The Marriage of Figaro
Stepping Stones School, Haslemere
On 16 September 2017
Review by Louise Lewis
In the grounds of Sir Arthur Conan Doyle's House, the stage is set, fairy lights twinkle magically and enticing smells waft from the caterers. A fresh September evening sees the audience wrapped up in black tie, sat under smart marquees to watch Opera Brava perform the Marriage of Figaro.
The evening has been organised to raise money for the Stepping Stones School. Charities Undershaw and DFN Charitable Foundation have transformed this once-novelist's house into a modern school for children with learning disabilities. Opera Brava has toured throughout the summer with this production before being invited to entertain at this black tie gala and the team is used to performing outside.
Unfortunately, in true English form, the weather is not kind. Partway through act one, the heavens open and the sound of torrential rain on marquee canvas all but drowns out the music. The cast and orchestra are miked downstage, but this is no competition for nature's stormy serenade.
Despite such hostile conditions, the cast battle on and I really want to be able to write a rave review as a reward for their tenacity.
Sadly, the deluge seemed to have rather dampened the energy in Brava’s Marriage of Figaro. The quality of singing was mixed and the direction lacklustre. The orchestra played beautifully, but music director Robert Bottriell leading from the piano had no sightline with the singers and consequently the performing forces often lacked cohesion.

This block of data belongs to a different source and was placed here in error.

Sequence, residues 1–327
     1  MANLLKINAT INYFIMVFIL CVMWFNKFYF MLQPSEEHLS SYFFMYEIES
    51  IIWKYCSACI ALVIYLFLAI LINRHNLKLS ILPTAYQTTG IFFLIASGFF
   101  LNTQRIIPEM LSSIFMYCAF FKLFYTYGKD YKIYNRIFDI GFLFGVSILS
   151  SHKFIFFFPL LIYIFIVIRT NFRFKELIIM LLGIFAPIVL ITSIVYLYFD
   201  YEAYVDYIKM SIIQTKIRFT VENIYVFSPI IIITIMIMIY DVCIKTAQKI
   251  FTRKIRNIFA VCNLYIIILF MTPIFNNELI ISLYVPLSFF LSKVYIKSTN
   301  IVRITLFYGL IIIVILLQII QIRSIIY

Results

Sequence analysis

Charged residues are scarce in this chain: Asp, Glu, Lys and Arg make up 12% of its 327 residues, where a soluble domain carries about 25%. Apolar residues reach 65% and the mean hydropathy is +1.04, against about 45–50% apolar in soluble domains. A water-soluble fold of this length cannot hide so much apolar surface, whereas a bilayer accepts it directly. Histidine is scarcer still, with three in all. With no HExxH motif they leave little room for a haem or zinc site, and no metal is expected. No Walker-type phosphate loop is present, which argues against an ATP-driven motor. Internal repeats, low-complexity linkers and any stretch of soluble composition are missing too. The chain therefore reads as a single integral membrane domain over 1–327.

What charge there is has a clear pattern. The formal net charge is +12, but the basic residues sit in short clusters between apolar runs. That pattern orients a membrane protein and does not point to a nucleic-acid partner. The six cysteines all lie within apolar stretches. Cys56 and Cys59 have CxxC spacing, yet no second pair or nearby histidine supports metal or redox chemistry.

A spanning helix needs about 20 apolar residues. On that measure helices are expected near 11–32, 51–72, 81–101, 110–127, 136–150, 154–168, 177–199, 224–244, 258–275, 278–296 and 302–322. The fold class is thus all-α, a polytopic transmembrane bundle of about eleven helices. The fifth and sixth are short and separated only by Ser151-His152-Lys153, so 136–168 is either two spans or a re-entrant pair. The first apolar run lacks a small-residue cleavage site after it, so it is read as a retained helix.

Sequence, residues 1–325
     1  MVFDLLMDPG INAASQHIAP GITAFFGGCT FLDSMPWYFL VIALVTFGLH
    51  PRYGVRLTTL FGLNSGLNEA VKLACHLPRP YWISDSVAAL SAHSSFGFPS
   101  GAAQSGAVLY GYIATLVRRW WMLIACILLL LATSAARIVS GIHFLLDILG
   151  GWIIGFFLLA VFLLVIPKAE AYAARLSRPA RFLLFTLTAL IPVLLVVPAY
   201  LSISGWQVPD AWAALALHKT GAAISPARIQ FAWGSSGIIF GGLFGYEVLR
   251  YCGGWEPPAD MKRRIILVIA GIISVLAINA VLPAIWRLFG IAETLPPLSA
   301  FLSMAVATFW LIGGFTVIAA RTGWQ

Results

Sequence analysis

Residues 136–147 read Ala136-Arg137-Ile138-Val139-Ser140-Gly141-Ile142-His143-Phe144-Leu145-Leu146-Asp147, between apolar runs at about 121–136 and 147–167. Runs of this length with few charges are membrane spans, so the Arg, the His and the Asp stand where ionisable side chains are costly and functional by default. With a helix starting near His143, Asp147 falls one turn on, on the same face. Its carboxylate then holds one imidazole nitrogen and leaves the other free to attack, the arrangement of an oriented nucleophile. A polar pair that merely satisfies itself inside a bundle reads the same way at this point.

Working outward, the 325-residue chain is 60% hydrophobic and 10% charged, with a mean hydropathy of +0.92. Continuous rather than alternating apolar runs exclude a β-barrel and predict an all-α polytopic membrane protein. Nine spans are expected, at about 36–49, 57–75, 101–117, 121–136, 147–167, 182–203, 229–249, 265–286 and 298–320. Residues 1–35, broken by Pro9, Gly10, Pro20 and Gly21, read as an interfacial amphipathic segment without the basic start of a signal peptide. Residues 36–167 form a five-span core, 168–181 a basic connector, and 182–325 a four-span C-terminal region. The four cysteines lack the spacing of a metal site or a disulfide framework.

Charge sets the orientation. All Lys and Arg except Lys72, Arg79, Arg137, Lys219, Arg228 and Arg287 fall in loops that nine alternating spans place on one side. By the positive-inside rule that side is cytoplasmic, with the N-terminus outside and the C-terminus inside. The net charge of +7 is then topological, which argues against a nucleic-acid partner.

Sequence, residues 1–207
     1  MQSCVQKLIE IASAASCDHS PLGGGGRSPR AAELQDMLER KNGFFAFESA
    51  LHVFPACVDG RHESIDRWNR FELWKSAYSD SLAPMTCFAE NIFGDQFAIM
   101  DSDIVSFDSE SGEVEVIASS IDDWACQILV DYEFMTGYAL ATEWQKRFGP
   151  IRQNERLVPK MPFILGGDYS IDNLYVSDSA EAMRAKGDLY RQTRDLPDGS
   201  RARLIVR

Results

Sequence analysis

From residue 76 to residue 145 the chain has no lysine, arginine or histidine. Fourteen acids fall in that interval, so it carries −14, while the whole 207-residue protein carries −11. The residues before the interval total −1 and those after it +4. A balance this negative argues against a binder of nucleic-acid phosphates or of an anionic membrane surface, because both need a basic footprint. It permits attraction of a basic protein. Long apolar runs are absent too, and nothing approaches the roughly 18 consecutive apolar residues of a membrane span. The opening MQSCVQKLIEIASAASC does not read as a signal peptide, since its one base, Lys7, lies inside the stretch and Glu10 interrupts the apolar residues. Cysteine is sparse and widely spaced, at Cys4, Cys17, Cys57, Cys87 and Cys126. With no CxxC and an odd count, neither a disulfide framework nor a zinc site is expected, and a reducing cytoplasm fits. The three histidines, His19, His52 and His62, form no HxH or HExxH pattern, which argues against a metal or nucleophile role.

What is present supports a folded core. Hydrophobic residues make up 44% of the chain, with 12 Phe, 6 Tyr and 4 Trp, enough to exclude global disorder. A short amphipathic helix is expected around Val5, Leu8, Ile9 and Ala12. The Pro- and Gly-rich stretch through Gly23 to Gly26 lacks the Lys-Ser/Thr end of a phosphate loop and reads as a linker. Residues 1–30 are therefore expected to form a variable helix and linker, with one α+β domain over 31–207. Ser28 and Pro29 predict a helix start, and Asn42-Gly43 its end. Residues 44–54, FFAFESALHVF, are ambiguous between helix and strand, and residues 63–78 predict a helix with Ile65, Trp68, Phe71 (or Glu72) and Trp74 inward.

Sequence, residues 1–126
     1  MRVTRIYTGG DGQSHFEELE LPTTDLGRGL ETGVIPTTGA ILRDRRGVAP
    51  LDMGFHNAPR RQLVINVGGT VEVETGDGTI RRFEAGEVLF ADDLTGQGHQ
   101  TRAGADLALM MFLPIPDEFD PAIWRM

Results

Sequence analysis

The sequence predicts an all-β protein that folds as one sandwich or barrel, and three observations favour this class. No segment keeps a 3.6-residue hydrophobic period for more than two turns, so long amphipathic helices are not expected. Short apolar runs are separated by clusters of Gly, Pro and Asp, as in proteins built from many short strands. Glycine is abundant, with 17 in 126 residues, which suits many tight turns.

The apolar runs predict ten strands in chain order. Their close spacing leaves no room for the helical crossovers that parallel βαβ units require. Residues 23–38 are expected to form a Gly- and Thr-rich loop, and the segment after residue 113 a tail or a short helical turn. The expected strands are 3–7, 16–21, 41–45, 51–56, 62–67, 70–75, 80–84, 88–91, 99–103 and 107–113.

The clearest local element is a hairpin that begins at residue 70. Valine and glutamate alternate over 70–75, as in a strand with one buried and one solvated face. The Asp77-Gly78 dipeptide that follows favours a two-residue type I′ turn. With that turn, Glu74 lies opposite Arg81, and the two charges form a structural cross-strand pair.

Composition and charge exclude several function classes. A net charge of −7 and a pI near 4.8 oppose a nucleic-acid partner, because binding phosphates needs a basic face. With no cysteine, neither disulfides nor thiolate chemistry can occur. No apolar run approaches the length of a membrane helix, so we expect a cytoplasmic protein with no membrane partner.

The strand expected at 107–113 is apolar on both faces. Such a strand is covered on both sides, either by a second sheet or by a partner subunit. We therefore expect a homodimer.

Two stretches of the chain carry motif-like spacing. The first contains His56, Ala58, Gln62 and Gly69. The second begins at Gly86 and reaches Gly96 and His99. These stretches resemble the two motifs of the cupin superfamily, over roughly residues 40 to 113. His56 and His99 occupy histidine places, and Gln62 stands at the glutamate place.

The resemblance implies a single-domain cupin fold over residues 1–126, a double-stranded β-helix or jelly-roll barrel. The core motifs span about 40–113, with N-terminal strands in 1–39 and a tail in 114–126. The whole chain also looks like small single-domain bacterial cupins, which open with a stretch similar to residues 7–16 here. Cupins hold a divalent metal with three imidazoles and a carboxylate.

Noteworthy performances were given by a number of the younger leads. Romantic leads Ian Beadle (Figaro) and Stephanie Bodwsorth (Susanna) have a nice dynamic, Bodsworth the efficient and unflappable maid to Beadlie’s more hotheaded Figaro. Hakan Vramsmo (Count) has a rich and enjoyable tone and his height adds to his forceful personality. Melanie Lodge (Cherubino) brings a lovely cheekiness to the role and Cameron Roles (Don Basilio) has the appropriate degree of delight in everyone’s misfortunes.
Despite strong individuals, the ensemble wasn’t firing on all cylinders. A lack of dramatic tension between the characters left the action limp. Always tricky to stage, in this show Cherubino’s window leap was particularly pathetic and during his and Susanna’s preceding struggle it looked as if the two were marking the choreography. No matter how topsy-turvy the story becomes, Director Bronek Pomorski gives the cast little to work with and the audience in turn utter little more than a titter.
Commendation is duly given to the performers keeping the show going despite the hideous weather; sadly more plaudits cannot be awarded to the production itself.